Ken Preston-Mafham is a naturalist, author and photographer. He lives in England, where he has grown cacti for more than 30 years. His previous books include Cacti and Succulents in Habitat and Cacti: The Illustrated Dictionary.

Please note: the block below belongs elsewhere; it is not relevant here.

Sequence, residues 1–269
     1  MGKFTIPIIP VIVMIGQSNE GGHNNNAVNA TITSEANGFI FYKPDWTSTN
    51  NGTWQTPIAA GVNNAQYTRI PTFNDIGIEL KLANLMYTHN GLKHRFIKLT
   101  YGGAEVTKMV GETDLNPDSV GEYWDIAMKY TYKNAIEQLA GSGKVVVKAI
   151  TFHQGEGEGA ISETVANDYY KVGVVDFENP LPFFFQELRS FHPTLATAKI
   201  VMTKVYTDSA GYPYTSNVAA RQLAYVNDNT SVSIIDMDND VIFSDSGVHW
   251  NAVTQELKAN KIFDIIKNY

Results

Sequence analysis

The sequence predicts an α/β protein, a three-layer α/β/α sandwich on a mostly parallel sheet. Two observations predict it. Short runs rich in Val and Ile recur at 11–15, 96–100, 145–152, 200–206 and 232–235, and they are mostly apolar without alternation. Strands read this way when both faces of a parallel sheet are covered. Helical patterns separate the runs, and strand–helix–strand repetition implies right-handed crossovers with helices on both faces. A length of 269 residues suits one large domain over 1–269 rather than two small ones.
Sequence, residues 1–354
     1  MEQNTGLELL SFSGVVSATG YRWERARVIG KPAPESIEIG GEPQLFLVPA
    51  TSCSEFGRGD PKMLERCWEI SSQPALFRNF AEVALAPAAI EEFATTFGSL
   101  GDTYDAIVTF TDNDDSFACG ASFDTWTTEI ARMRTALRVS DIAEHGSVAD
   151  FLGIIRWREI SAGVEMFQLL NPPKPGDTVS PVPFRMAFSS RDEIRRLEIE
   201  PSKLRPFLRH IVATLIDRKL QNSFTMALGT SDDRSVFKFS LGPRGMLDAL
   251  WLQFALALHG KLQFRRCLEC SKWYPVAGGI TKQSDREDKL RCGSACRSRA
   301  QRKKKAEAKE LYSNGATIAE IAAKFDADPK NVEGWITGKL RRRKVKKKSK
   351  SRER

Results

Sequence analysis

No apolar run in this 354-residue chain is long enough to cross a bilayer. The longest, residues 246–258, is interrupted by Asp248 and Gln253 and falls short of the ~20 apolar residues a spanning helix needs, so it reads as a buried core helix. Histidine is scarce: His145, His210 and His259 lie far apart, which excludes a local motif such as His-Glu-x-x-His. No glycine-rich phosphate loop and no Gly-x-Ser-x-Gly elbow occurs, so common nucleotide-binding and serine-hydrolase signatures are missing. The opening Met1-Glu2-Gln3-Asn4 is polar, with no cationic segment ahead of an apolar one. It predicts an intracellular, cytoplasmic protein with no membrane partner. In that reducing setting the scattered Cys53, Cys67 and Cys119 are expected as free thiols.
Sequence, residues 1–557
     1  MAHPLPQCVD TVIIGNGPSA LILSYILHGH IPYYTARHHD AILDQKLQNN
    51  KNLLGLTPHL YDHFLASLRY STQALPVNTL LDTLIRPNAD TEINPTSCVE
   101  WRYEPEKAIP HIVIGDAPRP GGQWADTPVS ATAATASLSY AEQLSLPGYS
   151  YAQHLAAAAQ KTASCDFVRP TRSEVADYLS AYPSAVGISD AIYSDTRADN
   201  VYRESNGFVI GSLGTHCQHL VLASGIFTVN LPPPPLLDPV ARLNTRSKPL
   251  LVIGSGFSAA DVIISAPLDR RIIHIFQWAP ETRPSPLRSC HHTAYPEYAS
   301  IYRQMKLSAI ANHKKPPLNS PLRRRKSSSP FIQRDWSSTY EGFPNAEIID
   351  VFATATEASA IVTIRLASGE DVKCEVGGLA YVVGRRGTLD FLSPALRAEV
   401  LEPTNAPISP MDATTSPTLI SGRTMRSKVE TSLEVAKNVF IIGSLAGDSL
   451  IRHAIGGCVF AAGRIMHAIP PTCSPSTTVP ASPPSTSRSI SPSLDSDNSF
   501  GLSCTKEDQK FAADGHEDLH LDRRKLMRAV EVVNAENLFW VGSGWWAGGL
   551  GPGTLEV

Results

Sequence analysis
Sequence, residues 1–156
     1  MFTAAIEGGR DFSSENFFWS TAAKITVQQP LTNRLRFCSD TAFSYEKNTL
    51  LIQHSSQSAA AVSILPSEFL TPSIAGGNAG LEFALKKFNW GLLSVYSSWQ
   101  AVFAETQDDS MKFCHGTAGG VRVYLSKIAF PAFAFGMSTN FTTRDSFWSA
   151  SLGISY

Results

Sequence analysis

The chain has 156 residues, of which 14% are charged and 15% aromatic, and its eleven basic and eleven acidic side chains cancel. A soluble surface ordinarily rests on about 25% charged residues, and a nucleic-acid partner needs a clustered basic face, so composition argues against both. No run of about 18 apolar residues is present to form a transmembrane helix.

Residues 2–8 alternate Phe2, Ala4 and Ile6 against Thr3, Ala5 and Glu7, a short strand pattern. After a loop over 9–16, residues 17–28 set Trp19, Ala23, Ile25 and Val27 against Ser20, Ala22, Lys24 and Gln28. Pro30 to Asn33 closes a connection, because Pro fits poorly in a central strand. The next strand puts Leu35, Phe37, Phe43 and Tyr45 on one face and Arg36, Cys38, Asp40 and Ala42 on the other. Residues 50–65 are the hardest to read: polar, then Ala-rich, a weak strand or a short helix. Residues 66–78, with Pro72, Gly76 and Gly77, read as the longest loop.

Absolutely stunning.... user-friendly. This handsome book is ideal for both the novice cacti lover as well as the seasoned pro.-- (06/14/2007) Documents a large selection of cacti, succulents, cadiforms and euphorbs... This book is a handy reference to bring when shopping for your landscape.-- (05/01/2007) Colour photos are so attractive that even the fervent anti-cacti people may be won over.--Grand magazine (Waterloo) (07/01/2007) For the serious cactus fancier or a horticultural library... The photographs are magnificent... would be of value to anyone who grows any cacti.-- (10/18/2007) The author has organized a collection of stunning photographs, most of which are, quite amazingly, given their very short blooming cycles, shown in full blooming splendor... 500 Cacti, an elegant little volume, is highly recommended for public and school libraries, and for academic libraries collecting in botany and horticulture. Because the book is so aesthetically pleasing in its own right, it would also make a wonderful addition to personal libraries.-- (01/01/2008) This new book features 500 species representing all cactus groups. The cacti are arranged alphabetically by scientific genus, with an entire page devoted to each species. At-a-glance information includes size, distribution, spination, flower and flowering time, plus varieties and synonyms used. Detailed descriptions reveal the amazing adaptations cacti have made... The author provides professional advice on growing these plants at home. Among the 500 color photographs that appear in the book are stunning shots of cacti in bloom. 500 Cacti is a useful reference for all who admire these long-living and distinctive plants.-- (01/01/2009) 500 Cacti provides an encyclopedic look at this family of succulents... The author chose to use names that are "most likely to be found in lists of cactus plants or seeds for sale, or on the label on a pot," to avoid confusion when trying to acquire these plants.-- (01/01/2008)